“See, I will create
new heavens and a new earth.
The former things will not be remembered,
nor will they come to mind.
- Isaiah 65:17
Last week we studied the good news about God’s new-making work in the cosmos and looked at the Book of Revelation: “Then I saw ‘a new heaven and a new earth,’[a] for the first heaven and the first earth had passed away, and there was no longer any sea” (Rev. 21:1). Notice how that passage quotes someone talking about “a new heaven and a new earth”? He’s quoting today’s passage.
Throughout the New Testament of the Bible, people make frequent reference to the Psalms, wisdom writings, books of the law and the prophets … the material found in the Old Testament of the Bible. These callbacks remind us that we are part of an older and bigger story.
Today’s passage from Isaiah looked forward to a future where God would make all things new. Last week’s passage from Revelation added the lens of Jesus and showed how God would bring it all to pass.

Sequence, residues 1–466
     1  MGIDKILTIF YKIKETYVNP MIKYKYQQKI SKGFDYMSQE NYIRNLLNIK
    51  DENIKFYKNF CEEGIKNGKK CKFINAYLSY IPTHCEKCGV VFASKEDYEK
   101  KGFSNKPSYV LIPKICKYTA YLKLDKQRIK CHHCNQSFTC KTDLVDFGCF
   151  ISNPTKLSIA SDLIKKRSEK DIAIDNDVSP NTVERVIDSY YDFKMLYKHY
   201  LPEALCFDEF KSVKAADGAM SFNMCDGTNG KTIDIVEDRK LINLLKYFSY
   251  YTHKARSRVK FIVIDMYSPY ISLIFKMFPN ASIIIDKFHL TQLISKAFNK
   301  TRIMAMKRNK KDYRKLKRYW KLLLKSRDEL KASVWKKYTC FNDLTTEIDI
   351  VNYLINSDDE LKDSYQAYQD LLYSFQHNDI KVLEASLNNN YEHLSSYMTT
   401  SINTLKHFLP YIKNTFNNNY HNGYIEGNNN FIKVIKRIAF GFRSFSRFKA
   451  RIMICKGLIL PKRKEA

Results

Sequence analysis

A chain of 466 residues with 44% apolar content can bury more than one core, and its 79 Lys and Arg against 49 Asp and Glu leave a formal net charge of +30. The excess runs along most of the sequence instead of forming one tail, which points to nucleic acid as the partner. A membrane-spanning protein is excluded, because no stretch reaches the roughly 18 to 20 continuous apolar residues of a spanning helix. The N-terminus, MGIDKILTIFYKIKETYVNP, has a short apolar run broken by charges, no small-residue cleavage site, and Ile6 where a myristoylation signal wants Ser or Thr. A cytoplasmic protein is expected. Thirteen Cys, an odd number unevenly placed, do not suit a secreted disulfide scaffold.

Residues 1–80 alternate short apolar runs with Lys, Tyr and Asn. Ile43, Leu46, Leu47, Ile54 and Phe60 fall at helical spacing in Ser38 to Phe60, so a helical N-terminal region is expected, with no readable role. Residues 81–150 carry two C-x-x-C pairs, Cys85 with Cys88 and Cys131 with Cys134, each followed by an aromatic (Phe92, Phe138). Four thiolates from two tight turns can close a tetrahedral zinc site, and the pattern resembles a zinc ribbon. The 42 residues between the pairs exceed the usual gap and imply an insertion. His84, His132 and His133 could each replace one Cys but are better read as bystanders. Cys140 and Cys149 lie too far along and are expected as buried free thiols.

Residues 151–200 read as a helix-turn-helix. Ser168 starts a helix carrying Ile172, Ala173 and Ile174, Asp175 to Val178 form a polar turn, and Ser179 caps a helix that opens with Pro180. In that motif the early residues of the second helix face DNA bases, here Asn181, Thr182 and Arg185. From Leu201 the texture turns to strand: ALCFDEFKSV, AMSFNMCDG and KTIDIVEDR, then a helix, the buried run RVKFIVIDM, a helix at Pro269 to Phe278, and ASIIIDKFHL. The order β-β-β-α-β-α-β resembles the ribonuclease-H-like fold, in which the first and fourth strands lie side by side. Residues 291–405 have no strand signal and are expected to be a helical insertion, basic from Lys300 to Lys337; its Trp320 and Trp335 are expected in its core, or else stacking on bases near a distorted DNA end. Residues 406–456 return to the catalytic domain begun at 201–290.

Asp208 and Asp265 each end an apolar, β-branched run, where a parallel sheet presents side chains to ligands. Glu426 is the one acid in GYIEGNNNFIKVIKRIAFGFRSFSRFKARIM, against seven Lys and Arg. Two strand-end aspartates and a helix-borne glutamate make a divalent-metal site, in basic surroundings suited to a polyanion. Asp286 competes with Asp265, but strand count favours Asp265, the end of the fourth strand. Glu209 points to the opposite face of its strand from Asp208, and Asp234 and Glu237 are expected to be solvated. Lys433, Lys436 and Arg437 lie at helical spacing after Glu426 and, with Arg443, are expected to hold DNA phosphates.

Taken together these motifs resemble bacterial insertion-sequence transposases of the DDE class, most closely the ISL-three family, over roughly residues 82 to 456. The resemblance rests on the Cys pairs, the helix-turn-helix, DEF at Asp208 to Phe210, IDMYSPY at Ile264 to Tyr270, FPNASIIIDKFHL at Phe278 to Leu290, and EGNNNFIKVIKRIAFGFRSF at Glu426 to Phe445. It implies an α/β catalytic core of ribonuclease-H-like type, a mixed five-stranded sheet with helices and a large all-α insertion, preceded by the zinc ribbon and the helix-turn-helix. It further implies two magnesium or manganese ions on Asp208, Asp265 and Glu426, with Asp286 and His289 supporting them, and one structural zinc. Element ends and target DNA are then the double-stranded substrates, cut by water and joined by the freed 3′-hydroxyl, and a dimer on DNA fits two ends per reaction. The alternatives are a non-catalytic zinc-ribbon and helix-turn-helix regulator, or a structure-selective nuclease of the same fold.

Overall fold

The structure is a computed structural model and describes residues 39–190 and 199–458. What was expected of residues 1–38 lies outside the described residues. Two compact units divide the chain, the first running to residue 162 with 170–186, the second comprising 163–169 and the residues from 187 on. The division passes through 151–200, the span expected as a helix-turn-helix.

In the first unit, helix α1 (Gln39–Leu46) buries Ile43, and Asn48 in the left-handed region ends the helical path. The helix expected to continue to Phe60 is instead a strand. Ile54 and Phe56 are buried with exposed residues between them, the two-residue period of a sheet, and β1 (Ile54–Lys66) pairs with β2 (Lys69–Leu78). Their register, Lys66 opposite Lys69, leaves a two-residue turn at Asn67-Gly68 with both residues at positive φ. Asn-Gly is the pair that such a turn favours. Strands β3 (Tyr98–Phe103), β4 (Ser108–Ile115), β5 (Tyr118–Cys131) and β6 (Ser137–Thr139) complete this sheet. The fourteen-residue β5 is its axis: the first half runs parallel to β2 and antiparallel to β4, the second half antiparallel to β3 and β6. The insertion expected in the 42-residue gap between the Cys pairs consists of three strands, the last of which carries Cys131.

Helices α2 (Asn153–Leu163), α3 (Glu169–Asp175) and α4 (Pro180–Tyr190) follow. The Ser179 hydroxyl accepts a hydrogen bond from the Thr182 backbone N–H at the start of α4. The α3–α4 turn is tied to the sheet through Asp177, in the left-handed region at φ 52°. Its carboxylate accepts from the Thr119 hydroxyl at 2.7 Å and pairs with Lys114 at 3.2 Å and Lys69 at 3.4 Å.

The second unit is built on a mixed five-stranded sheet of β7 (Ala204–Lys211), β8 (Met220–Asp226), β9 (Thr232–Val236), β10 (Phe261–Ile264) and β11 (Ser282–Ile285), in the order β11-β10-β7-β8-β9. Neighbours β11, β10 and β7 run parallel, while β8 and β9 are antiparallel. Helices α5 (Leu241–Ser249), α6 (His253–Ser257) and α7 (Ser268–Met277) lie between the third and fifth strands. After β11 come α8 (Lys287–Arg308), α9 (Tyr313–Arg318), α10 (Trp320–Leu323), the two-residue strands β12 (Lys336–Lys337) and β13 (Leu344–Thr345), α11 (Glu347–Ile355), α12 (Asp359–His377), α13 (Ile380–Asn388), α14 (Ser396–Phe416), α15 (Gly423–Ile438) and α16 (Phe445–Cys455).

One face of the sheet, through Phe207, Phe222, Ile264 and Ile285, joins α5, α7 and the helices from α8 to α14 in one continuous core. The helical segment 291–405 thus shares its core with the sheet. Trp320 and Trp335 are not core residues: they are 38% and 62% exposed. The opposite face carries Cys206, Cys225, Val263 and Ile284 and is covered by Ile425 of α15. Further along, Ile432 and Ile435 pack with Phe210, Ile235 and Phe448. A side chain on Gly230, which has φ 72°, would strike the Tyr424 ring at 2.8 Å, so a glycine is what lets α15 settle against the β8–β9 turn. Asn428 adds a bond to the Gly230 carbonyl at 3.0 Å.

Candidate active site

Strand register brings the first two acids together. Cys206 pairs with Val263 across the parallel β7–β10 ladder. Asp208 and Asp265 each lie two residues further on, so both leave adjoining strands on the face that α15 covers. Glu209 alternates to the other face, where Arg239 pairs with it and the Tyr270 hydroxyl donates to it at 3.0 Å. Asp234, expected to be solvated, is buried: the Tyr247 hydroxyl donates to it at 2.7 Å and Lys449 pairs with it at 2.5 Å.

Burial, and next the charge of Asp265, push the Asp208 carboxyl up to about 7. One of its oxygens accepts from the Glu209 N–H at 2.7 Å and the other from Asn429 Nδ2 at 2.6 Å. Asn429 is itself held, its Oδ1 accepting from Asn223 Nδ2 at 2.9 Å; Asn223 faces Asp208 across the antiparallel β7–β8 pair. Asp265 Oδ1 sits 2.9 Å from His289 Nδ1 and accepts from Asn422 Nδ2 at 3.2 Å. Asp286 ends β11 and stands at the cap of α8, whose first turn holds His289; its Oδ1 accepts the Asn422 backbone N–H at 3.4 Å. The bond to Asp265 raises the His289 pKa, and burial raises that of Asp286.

Friends, we need to hear that God’s promises are sure, that it’s worth it to hold onto hope, and that patience will be rewarded by the Lord. Isaiah wrote his prophetic book hundreds of years before Jesus. God’s people had generations to wait before Jesus would arrive on the scene and initiate a new phase of God’s redemptive work.
And we’ve been waiting for hundreds of years, almost two millennia after Jesus’ death and resurrection. We’re waiting for God to finish what he started. Some of us are waiting in the midst of difficult or painful circumstances. Waiting isn’t easy or comfortable. It doesn’t feel safe.
But God will make all things new. He’s promised to time and time again. He didn’t promise this on a whim. He hasn’t forgotten his promise. He can do it. And he surely will.
How do you interact with the promises of God? Do you tend to lean on them or ignore them? Why?